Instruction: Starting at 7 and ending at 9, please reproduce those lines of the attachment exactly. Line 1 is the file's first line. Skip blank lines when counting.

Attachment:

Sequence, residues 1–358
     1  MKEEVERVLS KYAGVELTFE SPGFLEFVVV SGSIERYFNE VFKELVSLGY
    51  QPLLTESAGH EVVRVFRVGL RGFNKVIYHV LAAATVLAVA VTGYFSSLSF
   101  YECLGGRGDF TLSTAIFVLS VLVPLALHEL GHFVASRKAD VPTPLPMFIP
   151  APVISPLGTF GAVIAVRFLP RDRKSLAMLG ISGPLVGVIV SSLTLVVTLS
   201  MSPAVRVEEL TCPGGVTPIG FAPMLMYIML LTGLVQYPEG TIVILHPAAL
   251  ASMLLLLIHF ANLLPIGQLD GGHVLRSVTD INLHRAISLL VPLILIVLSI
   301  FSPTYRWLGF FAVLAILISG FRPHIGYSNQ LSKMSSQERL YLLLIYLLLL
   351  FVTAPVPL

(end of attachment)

   251  ASMLLLLIHF ANLLPIGQLD GGHVLRSVTD INLHRAISLL VPLILIVLSI
   301  FSPTYRWLGF FAVLAILISG FRPHIGYSNQ LSKMSSQERL YLLLIYLLLL
   351  FVTAPVPL